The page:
UPDATE: 1:15 p.m.
The U.S. Navy has confirmed a sailor assigned to the Pacific Fleet submarine force was the man found dead today of a self-inflicted gunshot wound following a barricade situation at The Kahala Hotel & Resort.
The sailor’s identity has not yet been released.
The 40-year-old man barricaded himself in a room the hotel and communicated with family that he was suicidal, according to the Honolulu Police Department’s Criminal Investigative Division.
Police were called and negotiations were started.
The barricade situation ended around 3 a.m. when police made their entry into the room and found the man dead.
The barricade situation at The Kahala Hotel & Resort ended early this morning with the armed man found dead in his hotel room of a self-inflicted gunshot wound.
Police left the scene just after 4 a.m. but released no other information.
The incident began before 6 p.m. when the man, reported to be in the Navy, fired shots into the door of his fourth-floor room at the luxury resort. No one was injured.
The hotel was put on lockdown, and guests and staff were later evacuated.
Dozens of the Honolulu police officers, including from the HPD’s Specialized Services Division and negotiators, responded as the barricade situation continued for about 10 hours.
The Navy referred questions about the incident to the public affairs officer for the U.S. Pacific Fleet submarine force, who was not immediately available for comment.
More than seven hours into the barricade situation at The Kahala Hotel & Resort, guests and employees are being allowed to leave.
During the last hour or so, roughly 100 people who were kept by police in the hotel have left to the Waialae Country Club, where shuttles are waiting to take them home.
Lindsey Sweitzer, who lives in Hawaii but was staying at the hotel, was in the hotel pool with family when staff asked them to move into the lobby because of an emergency.
“Then an armed policeman said, ‘Get inside. Get under cover,’” Sweitzer said.
She said the staff continued to care for the guests during the lockdown.
“The staff was fantastic. They took care of us. They … still treated it like a five-star hotel,” she added.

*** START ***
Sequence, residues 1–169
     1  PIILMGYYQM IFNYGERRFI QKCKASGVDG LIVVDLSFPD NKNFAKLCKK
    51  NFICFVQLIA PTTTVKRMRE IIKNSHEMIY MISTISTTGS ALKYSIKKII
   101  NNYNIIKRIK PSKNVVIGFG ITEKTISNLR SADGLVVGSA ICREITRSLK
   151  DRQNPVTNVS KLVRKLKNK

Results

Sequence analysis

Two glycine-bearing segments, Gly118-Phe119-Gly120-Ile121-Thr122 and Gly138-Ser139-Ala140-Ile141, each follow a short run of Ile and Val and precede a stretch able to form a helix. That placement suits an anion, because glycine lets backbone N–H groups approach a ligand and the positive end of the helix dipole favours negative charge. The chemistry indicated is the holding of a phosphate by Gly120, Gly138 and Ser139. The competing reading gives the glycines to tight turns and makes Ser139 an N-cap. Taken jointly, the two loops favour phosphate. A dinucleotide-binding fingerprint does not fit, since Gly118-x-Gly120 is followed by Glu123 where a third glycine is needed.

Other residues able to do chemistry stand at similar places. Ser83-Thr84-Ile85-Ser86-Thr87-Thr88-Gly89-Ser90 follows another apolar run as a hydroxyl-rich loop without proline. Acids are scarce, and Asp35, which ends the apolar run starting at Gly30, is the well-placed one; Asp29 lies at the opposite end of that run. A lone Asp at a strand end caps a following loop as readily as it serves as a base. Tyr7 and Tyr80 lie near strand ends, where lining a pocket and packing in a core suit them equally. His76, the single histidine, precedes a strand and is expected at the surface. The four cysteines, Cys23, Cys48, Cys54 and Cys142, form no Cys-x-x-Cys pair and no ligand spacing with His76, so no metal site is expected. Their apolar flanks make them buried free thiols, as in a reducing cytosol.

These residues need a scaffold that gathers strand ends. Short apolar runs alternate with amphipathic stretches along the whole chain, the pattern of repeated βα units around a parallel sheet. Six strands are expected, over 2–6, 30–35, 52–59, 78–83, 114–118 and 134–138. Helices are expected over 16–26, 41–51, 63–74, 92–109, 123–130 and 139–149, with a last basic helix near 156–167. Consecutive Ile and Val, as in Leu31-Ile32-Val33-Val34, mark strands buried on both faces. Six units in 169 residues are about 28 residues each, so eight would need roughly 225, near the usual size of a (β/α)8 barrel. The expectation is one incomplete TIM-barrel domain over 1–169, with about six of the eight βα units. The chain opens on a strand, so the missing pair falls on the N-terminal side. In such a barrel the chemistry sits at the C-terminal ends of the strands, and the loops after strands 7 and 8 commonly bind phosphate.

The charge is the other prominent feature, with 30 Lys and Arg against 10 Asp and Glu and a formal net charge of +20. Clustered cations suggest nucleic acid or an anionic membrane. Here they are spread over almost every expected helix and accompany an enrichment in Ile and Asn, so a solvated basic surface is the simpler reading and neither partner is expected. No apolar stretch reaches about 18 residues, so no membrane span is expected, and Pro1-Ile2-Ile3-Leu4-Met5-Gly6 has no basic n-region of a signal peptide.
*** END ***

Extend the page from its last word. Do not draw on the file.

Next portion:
Sweitzer said a family member was in one of the rooms, but police were able to reunite them.
About 50 to 100 people were in the lobby as well.
While people panicked initially, the night ended up being relatively calm.
A hotel employee, who did not want to be identified, said he along with about 100 people had waited in the ballroom in the hotel, which is protocol.
He said people were “frantic” initially but the mood became less so once staff explained what was going on.
Guests and staff at The Kahala Hotel & Resort were evacuated or sheltering in place late Saturday night after an armed man fired shots through his door and barricaded himself in his room on the fourth floor of the luxury resort.
About two dozen members of the Honolulu Police Department’s Specialized Services Division and other police officers, along with negotiators, were on the scene.
HPD Capt. Brian Lynch said police responded to a 5:40 p.m. report of shots being fired at the hotel.
When hotel security went to investigate, the man, a guest who Lynch said is in the military, fired several shots through the door.
No one was hurt, Lynch said.
“The suspect shot through the door and thankfully the security guard wasn’t standing in front of the door. So that was really the only close call we had,” he said. “At this point we’re just waiting for the suspect to give up.”
The armed man’s family also is at the hotel, and they are safe, police said.
Julia Luck, 33, of McCully, and Elizabeth Bain, 32, of Ewa, were on a staycation at the hotel. They were just heading downstairs to go to dinner when they saw a couple of people “crying and freaking out.”
Bain said she had forgotten her sunglasses and the manager said they weren’t allowing anyone back into their rooms. As the pair walked out of the hotel, they heard sirens and saw more police arriving.
Luck said it was her first time away from her 3-year-old son, and she called her husband to say they were OK.
The two women went to dinner in Kahala and returned to the hotel, remaining outside, unable to get back in. They were debating whether to wait out the situation or stay at Luck’s home for the night. Either way they counted themselves lucky they weren’t confined in the hotel.
Black Point resident Rex Jakobovits, 52, said he was walking along the beach and had entered hotel grounds to look at the dolphins. Police came and he was herded along with hotel guests into a ballroom. At first, the 100 or so people in the ballroom, most wearing masks, kept to themselves and a few appeared upset or were crying, Jakobovits said. After a while, the mood settled, he said, and when it was announced that food would be served, a cheer went up.
After enjoying some sashimi, butterfish and chocolate mousse, Jakobovits said he got impatient, exited through a back door and began walking down the street away from the hotel.
Star-Advertiser staff writers Mark Ladao, William Cole and Allison Schaefers contributed to this report.